Published November 5, 2009
When Speaker Nancy Pelosi unveiled the revised House Democratic health care bill last week, the Obama White House hailed it as a “critical milestone” in the process. No doubt senior administration officials were relieved to see signs of “momentum” toward passage of something. But if the president really meant what he has said about health care policy throughout this year, his administration would be working to defeat the Pelosi bill, not supporting it.
On Sept. 9, the president addressed a joint session of Congress and said the plan he is pushing would cost “around $900 billion over 10 years.” During August, at many town hall meetings across the country, large numbers of Americans had expressed serious reservations with the level of government spending and debt projected to occur in coming years. The president's statement was aimed at assuaging those fears by imposing a fixed budget on the congressional process. Indeed, after the president's speech, it was assumed by all concerned that no health care bill costing more than $900 billion would be acceptable to the administration.
Then, last week, along came the long-awaited revision to the House's July bill. The Speaker asserts that the new version stays within the president's $900 billion budget, but that is plainly not the case. The Congressional Budget Office estimates that the Medicaid expansion, the new subsidies for insurance premiums in the exchange, and the tax credits for small businesses offering coverage will cost $1.055 trillion over 10 years. In addition, the bill has scores of other spending provisions that would add to the government's costs. There's an expansion in the program that subsidizes the premiums and cost-sharing for low-income seniors, costing $13.5 billion over a decade. There's also a new program to pay primary care physicians more in Medicaid ($57 billion), increase the Medicaid matching rates in 2011 ($23.5 billion) and much, much more. All totaled, these other spending provisions add well over $200 billion more to the bill's total spending.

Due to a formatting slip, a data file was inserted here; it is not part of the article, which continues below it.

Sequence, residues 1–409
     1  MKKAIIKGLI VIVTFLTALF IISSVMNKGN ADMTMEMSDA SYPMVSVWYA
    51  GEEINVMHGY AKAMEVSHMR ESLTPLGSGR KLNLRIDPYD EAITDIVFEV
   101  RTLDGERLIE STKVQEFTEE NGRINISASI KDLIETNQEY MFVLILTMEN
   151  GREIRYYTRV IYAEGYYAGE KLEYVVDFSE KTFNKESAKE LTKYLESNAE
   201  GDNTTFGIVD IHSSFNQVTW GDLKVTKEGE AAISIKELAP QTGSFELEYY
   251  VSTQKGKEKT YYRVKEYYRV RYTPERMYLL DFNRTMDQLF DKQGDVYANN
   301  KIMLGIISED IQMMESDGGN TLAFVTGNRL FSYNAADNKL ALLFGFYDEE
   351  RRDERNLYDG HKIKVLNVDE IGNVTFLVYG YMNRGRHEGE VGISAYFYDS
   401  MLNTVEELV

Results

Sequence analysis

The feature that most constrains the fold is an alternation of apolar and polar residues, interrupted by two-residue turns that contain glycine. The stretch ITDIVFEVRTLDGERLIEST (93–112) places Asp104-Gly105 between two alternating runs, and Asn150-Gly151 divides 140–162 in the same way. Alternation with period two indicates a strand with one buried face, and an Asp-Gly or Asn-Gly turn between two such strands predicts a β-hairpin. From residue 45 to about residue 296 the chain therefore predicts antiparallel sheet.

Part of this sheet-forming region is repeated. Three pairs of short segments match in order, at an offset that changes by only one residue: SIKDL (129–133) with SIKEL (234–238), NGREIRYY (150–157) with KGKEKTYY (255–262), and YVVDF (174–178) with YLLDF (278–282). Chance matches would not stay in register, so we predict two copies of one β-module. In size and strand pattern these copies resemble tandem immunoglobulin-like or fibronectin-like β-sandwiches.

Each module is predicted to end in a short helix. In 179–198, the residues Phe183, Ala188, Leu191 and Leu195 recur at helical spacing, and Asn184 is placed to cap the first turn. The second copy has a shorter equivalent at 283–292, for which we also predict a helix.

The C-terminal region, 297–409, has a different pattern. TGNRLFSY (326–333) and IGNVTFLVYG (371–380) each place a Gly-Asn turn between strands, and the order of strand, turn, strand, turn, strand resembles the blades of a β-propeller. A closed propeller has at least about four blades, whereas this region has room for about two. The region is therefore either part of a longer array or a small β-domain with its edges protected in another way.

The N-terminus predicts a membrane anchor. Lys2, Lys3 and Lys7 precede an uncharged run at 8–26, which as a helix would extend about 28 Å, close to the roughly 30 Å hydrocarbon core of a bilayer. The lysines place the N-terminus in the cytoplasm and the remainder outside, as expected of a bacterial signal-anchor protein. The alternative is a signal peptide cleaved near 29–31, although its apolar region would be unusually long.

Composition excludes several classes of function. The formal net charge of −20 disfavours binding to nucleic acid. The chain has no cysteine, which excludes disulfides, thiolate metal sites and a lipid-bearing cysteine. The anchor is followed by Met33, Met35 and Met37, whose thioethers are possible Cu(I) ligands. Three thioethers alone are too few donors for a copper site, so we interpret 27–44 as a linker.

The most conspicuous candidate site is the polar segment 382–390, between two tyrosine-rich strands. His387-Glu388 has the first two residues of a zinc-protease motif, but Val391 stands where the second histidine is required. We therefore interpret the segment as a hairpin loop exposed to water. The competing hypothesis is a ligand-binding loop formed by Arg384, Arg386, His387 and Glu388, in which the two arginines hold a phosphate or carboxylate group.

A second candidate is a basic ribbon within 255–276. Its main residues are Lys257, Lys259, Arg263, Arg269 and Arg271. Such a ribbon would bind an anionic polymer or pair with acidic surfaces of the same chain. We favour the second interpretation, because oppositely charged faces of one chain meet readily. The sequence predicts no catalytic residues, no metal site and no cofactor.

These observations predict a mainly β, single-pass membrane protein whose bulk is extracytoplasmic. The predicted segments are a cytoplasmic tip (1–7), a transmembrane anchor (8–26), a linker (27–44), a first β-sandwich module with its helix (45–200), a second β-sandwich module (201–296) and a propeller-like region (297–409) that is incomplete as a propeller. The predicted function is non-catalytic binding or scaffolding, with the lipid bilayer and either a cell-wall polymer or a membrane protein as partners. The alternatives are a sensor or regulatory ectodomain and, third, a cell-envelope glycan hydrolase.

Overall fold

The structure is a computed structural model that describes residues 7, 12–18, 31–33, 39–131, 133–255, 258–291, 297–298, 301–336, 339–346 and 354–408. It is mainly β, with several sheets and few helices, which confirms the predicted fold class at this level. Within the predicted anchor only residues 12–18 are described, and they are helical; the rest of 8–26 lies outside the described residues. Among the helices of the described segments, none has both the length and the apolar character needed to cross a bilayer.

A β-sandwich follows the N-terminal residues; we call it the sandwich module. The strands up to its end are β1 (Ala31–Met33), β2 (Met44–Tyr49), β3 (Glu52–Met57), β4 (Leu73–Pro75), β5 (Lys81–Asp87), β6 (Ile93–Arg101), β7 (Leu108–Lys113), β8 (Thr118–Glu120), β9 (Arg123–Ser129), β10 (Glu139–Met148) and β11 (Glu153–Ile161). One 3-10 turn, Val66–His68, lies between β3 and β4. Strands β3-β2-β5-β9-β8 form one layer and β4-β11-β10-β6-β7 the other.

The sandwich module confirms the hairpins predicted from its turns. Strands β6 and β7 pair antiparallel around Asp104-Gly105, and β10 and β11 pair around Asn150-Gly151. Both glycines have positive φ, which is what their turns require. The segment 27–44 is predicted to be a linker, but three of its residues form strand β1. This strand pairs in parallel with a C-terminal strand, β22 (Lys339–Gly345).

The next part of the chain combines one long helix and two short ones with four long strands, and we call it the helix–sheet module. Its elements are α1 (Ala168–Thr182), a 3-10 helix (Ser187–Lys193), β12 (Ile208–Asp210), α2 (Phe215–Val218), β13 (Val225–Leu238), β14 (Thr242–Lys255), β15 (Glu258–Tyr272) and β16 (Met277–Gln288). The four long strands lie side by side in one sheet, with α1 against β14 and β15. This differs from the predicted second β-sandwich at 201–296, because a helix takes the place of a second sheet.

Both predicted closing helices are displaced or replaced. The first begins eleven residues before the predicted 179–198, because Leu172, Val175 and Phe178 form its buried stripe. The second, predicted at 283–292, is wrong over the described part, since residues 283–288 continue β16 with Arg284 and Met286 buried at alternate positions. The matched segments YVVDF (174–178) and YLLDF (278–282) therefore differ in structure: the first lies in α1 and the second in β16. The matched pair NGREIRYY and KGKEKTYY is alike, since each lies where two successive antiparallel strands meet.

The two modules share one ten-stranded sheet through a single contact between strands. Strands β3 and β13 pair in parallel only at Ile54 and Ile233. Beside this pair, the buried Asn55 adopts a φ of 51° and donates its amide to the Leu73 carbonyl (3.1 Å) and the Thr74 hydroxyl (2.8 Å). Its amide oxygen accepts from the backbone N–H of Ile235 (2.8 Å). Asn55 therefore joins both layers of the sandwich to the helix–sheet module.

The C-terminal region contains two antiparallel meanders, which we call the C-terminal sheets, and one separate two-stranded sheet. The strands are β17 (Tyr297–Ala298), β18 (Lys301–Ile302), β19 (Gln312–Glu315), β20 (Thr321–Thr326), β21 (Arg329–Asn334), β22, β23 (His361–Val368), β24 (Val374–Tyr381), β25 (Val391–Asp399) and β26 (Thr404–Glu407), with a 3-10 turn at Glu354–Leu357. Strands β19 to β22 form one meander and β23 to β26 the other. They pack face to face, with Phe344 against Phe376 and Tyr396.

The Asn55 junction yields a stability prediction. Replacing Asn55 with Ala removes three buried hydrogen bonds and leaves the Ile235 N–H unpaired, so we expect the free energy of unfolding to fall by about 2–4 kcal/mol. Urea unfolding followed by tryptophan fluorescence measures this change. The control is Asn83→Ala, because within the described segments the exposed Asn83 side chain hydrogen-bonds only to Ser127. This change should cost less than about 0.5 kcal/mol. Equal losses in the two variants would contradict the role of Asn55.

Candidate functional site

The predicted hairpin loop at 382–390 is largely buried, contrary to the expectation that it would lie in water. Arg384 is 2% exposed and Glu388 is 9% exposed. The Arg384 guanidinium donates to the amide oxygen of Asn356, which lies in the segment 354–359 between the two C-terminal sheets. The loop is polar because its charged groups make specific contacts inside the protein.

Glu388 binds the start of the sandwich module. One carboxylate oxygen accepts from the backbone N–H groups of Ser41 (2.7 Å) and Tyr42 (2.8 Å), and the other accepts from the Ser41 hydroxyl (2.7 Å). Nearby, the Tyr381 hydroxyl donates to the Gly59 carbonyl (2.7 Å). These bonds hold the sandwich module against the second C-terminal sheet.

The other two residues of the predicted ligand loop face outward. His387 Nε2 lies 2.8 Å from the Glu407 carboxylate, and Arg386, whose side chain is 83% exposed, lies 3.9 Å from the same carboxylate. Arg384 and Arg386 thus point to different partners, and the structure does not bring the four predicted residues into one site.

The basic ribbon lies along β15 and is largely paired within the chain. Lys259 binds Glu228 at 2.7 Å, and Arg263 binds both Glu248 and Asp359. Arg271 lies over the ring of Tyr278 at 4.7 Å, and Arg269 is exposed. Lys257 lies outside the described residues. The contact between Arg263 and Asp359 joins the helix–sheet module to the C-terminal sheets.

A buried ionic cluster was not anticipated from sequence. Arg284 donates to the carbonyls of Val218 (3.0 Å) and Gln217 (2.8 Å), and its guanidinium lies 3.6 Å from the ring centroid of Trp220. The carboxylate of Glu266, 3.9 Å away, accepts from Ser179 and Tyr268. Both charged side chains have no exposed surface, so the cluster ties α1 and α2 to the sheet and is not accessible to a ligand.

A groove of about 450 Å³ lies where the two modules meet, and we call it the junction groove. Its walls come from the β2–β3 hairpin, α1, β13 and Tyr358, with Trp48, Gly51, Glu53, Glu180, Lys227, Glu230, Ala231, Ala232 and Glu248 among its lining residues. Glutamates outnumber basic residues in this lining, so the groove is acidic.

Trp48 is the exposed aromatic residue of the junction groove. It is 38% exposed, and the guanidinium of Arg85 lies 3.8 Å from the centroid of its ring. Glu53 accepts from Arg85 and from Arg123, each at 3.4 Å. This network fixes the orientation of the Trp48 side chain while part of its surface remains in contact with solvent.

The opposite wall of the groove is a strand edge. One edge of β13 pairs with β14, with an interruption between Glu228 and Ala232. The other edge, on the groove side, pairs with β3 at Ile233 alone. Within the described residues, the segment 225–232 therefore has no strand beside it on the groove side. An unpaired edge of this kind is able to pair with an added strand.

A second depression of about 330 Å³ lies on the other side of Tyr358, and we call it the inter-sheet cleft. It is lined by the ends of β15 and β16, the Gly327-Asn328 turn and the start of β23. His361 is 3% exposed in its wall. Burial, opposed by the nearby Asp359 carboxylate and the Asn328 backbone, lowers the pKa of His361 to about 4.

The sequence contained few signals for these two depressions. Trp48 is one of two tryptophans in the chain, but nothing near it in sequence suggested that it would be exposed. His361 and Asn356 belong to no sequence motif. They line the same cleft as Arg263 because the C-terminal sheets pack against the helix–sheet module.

The only way House Democrats can claim to stay within the president's stated budget is by ignoring the non-coverage spending in the bill and by netting the cost of the coverage expansion with new taxes collected from those who decline insurance and employers who “pay” rather than “play.” But this kind of accounting makes no sense. If the spending budget set by the president can be met by netting out taxes, it's essentially meaningless, because any level of expenditure could be acceptable if coupled with an offsetting tax increase. That's not what the president meant to convey in his speech. And Democrats have yet to explain what could possibly justify all of the other spending in the bill.
Then there's the issue of physician fees in Medicare. The “sustainable growth rate” formula calls for a 21 percent cut in physician fees in 2010, which no one supports. However, the 10-year cost of full repeal is nearly $250 billion. In July, House Democrats proposed to include a full repeal in their health care plan, along with scores of other Medicare provisions. Now, however, they want the SGR repeal to pass in a standalone bill so they can claim the costs of health care reform are lower. It doesn't matter to taxpayers if Congress passes all of this in one bill or two. The total cost is the same either way.
Overall, then, the House plan, including the SGR fix, is to spend about $1.5 trillion over the period 2010 to 2019 on health care, well in excess of the $900 billion budget the president promised to the American people.